“We are disheartened and dismayed by this morning’s not guilty verdict”
Higher education shares the same view of the Rittenhouse trial as Democrats and the media. Not very surprising, is it?
Conor Friedersdorf writes at The Atlantic:
Universities Try to Force a Consensus About Kyle Rittenhouse
At universities, the recent acquittal of Kyle Rittenhouse should be an opportunity to study a divisive case that sparked complex debates about issues as varied as self-defense laws, guns, race, riots, the rights of defendants, prosecutorial missteps, media bias, and more. If administrators were doing their jobs, faculty and students would freely air a wide variety of viewpoints and have opportunities to better understand one another’s diverse perspectives. Instead, many administrators are preemptively imposing their preferred narratives.
The Rittenhouse saga began in Kenosha, Wisconsin, on August 25, amid rioting that followed the police shooting of a Black man. Rittenhouse, then 17, armed himself with an AR-15-style rifle and walked into the chaos, claiming that he intended to protect the community. He wound up shooting three men, killing two. Last week, a Wisconsin jury found him not guilty of murder, crediting his claim that, at the moment he fired, he feared for his life and acted in self-defense. This, many analysts argued, was a plausible conclusion to draw from Wisconsin law and video footage and testimony presented at trial.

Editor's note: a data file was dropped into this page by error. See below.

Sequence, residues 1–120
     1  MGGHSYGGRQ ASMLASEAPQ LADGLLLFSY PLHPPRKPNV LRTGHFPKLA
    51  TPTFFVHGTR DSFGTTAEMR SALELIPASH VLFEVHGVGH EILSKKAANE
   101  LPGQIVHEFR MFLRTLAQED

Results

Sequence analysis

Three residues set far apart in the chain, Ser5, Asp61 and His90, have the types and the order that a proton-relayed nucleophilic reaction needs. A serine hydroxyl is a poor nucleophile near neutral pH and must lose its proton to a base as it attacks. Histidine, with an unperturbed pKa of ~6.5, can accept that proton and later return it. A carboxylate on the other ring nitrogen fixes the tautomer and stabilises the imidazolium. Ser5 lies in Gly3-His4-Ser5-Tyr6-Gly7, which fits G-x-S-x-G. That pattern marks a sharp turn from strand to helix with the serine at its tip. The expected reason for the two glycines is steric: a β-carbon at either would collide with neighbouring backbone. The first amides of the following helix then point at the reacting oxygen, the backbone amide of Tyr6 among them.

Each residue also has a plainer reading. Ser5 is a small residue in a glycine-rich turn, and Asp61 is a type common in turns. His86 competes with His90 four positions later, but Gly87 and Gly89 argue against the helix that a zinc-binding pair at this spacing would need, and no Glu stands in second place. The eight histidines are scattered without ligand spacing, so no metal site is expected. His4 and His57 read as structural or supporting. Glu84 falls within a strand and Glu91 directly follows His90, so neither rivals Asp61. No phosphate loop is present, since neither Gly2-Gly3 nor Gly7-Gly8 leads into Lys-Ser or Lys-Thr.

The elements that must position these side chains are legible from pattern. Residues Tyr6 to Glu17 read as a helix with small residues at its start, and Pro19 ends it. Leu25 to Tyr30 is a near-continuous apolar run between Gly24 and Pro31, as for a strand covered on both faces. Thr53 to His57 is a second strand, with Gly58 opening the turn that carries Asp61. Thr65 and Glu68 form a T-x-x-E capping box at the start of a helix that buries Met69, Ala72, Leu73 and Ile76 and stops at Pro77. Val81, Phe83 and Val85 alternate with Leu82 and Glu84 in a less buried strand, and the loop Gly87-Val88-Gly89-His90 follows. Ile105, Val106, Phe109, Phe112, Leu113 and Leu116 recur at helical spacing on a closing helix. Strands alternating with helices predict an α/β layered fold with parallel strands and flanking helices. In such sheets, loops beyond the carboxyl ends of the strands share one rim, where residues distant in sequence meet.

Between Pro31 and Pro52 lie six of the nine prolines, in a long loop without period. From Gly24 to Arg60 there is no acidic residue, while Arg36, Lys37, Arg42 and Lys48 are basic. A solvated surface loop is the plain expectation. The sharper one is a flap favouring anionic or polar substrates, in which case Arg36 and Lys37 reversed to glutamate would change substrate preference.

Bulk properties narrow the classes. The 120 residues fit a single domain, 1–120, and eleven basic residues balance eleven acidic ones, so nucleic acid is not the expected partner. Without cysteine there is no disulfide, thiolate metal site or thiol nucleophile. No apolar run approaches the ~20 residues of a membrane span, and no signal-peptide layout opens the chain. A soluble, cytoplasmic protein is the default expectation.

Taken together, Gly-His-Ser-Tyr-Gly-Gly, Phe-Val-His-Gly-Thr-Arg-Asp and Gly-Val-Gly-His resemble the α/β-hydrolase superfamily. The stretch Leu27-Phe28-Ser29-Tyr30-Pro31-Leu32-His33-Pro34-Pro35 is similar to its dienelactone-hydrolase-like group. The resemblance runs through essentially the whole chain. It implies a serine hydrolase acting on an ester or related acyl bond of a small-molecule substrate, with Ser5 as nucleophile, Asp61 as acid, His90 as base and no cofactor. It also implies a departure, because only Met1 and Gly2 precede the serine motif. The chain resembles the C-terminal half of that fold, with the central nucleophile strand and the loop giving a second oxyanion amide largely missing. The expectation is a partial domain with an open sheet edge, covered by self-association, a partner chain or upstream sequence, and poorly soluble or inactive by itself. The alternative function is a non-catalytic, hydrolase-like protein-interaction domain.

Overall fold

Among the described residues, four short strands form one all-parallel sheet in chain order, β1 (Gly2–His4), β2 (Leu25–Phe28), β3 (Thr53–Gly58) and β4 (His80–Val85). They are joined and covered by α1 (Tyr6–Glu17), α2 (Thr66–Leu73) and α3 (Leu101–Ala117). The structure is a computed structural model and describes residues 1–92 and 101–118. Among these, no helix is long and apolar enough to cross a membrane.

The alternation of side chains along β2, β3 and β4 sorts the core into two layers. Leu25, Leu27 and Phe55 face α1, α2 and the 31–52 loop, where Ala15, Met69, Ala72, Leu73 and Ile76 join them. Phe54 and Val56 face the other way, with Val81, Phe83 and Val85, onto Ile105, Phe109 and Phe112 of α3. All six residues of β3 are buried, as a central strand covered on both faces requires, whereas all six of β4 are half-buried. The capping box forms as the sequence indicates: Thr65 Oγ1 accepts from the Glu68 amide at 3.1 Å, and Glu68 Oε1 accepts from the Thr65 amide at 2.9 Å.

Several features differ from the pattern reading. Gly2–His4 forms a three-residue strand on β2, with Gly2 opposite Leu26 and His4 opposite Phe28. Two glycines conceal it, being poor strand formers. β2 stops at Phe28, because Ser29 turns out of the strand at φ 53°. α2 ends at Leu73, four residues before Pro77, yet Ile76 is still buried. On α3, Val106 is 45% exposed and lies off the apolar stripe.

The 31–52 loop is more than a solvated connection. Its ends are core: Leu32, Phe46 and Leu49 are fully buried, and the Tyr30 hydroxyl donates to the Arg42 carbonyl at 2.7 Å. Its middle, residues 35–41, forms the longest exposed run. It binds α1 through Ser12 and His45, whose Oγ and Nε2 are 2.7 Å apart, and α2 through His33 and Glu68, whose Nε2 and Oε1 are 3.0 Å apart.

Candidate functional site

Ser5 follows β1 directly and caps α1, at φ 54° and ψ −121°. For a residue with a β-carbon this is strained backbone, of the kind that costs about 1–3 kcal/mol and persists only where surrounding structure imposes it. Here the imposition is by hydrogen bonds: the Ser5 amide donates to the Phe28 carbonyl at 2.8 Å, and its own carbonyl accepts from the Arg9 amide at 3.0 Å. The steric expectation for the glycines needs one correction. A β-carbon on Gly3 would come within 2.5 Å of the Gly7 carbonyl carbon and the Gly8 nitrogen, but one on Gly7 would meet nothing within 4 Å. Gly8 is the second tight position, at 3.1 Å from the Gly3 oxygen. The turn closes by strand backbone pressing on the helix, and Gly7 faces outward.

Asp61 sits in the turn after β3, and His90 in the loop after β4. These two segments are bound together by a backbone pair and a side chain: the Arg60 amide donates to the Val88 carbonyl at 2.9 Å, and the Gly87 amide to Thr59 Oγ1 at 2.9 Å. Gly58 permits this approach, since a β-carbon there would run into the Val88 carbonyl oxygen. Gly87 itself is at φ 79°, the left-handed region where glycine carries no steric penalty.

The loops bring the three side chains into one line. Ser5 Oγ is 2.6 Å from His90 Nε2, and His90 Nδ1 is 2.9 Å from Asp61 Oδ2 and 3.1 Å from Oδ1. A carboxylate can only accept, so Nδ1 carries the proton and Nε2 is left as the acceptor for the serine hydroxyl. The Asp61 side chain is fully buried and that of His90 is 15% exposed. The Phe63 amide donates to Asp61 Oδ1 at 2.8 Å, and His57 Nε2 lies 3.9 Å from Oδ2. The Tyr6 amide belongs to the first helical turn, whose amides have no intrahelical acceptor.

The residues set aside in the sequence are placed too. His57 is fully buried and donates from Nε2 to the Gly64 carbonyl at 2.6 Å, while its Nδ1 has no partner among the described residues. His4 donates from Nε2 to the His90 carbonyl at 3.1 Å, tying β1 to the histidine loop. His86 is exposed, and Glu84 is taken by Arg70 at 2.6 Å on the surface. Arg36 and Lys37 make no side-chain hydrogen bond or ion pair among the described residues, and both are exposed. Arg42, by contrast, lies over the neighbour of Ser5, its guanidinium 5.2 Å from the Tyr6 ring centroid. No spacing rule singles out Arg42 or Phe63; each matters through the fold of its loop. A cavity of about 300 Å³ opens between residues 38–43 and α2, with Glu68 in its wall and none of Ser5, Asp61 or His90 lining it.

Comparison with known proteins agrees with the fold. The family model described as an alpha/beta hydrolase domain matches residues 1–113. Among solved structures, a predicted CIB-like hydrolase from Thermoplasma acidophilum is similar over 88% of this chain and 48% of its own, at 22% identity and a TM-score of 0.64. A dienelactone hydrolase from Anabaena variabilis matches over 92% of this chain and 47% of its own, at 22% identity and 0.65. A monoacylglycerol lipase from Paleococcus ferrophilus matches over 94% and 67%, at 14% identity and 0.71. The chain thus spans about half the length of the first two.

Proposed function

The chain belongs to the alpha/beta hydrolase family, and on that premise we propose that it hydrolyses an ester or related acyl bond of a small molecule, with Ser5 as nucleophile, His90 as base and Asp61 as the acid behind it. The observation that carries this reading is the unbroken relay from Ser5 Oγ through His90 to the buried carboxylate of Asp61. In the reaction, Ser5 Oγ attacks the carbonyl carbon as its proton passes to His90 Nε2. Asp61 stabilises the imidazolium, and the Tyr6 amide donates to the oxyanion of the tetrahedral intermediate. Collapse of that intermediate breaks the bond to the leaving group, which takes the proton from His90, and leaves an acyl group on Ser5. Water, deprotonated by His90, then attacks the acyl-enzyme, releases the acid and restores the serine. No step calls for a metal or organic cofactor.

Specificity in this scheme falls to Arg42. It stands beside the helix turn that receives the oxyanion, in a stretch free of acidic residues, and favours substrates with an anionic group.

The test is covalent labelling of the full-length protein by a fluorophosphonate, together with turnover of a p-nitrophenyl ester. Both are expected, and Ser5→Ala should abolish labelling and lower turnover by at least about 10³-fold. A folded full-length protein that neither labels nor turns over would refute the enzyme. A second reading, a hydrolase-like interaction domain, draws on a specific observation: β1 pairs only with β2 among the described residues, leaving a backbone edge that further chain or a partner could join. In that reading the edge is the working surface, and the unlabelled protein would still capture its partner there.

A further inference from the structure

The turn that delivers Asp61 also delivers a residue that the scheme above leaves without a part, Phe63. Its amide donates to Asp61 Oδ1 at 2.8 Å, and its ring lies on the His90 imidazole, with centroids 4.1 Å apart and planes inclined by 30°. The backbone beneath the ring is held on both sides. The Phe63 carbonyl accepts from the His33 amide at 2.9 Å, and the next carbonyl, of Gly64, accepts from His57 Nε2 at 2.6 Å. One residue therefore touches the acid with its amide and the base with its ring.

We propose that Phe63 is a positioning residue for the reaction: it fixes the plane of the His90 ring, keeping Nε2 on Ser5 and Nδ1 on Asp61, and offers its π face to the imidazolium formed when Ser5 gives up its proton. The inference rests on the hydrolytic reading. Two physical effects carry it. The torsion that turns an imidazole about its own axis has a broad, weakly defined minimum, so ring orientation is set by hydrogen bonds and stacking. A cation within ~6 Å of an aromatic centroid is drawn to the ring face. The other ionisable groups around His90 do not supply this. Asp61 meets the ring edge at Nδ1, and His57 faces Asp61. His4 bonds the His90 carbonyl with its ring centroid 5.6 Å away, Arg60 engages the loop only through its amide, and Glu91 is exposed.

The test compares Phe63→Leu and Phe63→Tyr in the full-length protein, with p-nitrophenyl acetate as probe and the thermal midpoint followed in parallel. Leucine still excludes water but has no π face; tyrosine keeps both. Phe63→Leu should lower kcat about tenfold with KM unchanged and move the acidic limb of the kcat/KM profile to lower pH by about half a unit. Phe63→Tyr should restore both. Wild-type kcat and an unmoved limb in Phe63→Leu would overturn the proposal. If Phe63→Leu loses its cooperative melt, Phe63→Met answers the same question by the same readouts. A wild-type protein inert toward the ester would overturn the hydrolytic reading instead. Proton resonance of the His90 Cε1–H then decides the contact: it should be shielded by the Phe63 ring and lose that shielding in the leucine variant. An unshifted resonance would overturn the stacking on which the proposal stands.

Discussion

More than 2,000 miles away, administrators at UC Santa Cruz felt otherwise. Chancellor Cynthia Larive and Interim Chief Diversity Officer Judith Estrada issued a statement that began like this:
We are disheartened and dismayed by this morning’s not guilty verdict on all charges in the trial of Kyle Rittenhouse … We join in solidarity with all who are outraged by this failure of accountability.
UC Santa Cruz is a public institution with roughly 19,000 students and 1,000 instructors who, one can safely say, do not all share the same viewpoints.
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